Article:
This year’s research event was as stimulating and eclectic as ever, with topics spanning the broad spectrum of fire. Dr Rowena Hill and Dr Anne Eyre hosted RE19 at West Midlands Fire Service HQ in Birmingham, which is a great setting for this annual gathering.
With so much going on in the fire and rescue service it was inevitable that the inspection process would be on the agenda. Academics from Nottingham Trent University shared their thoughts about the new process from HMICFRS. Without the benefit of the third and final tranche of reports or the State of Fire Report, the researchers confined themselves to the findings from the early inspections.
Changes to governance that have seen the creation of four Police Fire and Crime Commissioners was also a topic for discussion. Academics from Cardiff University provided some comparative analysis of governance models. Alongside this, the topic of integrated risk management planning was covered – it’s been 14 years since IRMPs were introduced and this review of approaches was fascinating as it showed the variation in practice and the impact of localism on this vital aspect of service delivery.
Complementing the discussion about risk management planning was a paper from ORH about response times. Graham Holland used data from the Home Office’s Incident Recording System to ask an interesting question: if services are taking longer to respond, but the number of fatalities and casualties has decreased, does the response time to fire incidents actually matter? He concluded his paper by suggesting that it may be time to update the economic cost of fire, where the economic case is a driver for response times.
Two papers focused on prevention activity. How to evaluate this type of fire and rescue service work is notoriously hard to do, so it was good to hear about the approaches being made by academics from Essex University working with Essex Fire and Rescue Service on the impact and effectiveness of their safe and well offering.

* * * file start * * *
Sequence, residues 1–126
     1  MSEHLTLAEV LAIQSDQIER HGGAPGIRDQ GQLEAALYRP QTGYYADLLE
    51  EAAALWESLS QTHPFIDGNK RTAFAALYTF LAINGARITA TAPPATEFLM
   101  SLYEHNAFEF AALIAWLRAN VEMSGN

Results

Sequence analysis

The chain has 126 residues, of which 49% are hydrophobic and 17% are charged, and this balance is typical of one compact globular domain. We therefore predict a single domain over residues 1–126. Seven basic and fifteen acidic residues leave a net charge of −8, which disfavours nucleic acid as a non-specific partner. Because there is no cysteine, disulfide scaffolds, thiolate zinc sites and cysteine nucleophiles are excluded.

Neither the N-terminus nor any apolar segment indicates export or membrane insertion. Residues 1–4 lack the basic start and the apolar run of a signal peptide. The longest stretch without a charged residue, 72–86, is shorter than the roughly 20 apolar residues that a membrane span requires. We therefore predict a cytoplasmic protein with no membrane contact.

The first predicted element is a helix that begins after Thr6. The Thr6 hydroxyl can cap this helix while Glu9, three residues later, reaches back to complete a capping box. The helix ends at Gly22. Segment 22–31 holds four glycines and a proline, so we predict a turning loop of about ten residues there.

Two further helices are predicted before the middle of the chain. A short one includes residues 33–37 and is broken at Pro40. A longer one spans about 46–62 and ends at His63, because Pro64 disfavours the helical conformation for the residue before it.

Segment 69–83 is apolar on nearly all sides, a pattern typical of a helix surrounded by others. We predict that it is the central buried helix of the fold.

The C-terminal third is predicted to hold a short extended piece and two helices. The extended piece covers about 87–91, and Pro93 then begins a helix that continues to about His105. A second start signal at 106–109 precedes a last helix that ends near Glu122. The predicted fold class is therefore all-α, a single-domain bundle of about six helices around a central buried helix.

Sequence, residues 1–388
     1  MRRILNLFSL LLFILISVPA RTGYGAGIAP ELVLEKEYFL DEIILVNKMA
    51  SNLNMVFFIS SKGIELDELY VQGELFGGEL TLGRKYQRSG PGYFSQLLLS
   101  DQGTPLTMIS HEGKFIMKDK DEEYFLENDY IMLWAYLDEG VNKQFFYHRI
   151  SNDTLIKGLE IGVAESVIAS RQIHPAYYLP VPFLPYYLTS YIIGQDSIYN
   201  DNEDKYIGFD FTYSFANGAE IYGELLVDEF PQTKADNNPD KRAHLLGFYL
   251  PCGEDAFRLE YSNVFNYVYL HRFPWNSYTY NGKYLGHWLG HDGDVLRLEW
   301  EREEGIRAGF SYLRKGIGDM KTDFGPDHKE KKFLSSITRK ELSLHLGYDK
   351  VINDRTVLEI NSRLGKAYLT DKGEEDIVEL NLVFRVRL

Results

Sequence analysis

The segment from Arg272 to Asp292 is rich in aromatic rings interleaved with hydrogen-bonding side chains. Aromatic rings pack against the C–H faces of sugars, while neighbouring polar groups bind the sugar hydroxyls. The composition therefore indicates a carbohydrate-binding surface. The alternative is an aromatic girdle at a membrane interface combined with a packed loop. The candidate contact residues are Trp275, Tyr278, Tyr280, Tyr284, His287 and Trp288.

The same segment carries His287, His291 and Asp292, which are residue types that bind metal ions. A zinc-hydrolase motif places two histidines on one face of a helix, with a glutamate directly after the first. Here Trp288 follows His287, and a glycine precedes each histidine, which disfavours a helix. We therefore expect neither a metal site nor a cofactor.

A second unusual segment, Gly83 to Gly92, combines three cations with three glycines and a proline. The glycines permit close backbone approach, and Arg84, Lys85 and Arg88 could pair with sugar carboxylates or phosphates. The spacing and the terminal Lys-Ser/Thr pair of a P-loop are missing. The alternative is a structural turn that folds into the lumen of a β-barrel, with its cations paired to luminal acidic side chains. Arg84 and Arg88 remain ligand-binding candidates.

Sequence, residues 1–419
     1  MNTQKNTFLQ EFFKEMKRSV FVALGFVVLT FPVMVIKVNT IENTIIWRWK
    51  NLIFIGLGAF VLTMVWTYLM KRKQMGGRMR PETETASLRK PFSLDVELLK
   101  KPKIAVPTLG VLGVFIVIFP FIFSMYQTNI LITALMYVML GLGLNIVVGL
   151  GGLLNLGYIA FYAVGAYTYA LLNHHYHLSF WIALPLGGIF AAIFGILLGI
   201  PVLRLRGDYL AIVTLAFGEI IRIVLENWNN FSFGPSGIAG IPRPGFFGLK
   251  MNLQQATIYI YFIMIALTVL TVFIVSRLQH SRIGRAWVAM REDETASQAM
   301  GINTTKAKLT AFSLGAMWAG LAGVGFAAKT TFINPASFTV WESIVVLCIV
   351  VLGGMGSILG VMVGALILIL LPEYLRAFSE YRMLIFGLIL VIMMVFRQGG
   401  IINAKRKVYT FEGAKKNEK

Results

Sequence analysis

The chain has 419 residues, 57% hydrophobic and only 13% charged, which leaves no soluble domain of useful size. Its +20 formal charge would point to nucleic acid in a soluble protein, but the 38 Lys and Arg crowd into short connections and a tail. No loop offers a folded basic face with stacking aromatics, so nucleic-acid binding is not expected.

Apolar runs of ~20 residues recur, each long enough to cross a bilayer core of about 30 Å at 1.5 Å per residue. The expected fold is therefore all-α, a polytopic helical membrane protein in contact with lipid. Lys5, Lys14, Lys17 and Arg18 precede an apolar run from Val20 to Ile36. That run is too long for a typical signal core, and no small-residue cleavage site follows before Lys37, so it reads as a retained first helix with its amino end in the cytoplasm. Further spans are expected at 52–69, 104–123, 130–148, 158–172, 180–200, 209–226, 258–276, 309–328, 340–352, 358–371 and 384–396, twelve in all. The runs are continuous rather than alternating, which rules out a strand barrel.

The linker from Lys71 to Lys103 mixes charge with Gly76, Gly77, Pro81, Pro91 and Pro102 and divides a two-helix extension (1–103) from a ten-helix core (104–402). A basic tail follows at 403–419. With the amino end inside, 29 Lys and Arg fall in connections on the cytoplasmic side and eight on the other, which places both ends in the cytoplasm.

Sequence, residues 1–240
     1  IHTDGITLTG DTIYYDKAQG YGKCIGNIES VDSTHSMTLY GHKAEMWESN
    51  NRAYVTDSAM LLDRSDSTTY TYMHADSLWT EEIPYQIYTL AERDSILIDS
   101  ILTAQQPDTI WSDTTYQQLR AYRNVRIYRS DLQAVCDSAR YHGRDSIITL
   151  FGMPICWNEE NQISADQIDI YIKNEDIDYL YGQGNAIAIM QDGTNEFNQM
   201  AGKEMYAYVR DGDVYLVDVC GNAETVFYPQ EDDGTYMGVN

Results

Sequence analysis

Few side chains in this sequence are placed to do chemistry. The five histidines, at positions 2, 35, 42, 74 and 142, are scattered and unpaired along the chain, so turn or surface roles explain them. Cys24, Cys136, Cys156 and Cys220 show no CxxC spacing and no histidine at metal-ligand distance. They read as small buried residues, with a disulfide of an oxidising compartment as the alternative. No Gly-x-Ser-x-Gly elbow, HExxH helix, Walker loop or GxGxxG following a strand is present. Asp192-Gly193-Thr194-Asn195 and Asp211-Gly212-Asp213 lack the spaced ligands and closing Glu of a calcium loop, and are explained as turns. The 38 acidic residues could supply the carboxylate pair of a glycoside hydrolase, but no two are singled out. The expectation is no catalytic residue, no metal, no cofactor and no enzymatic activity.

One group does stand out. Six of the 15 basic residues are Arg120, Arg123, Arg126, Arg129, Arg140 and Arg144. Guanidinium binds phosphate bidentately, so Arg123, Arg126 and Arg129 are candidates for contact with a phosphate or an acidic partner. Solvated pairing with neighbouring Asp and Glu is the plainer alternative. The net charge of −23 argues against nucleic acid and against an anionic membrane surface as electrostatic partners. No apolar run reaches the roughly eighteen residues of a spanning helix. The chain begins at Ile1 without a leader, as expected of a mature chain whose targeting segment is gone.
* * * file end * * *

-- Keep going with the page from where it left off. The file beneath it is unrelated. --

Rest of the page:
Behaviour change was a clear theme running through the day. Whether it came from the approaches to dealing with juvenile fire setting or responses to chemical incidents and how firefighters learn from experience. It was interesting to hear all the different perspectives on this topic.
Learning from incidents is the subject of great interest at a national level with the recent introduction of the National Operational Learning system managed by the National Fire Chiefs Council. Along with the IFE’s Firefighter Safety Incident database, these resources help with training and ultimately with policy change that can have far reaching long-term changes.
With a theme focused on building fire safety, RE19 included papers on fire spread in residential buildings, carbon monoxide emissions and post-construction fire safety considerations. The variety of papers in this area at a time when the spotlight is firmly on building safety is really encouraging and as more research develops as a result of the Hackitt Review this part of the research event is likely to evolve greatly in the future.
RE19 was a great success and is a very special part of the fire calendar, having been running for more than twenty years. The organisers are always on the lookout for new research topics and welcome papers from researchers who are early in their careers as well as those who are more established. The call for papers for RE20 will be published in spring 2020.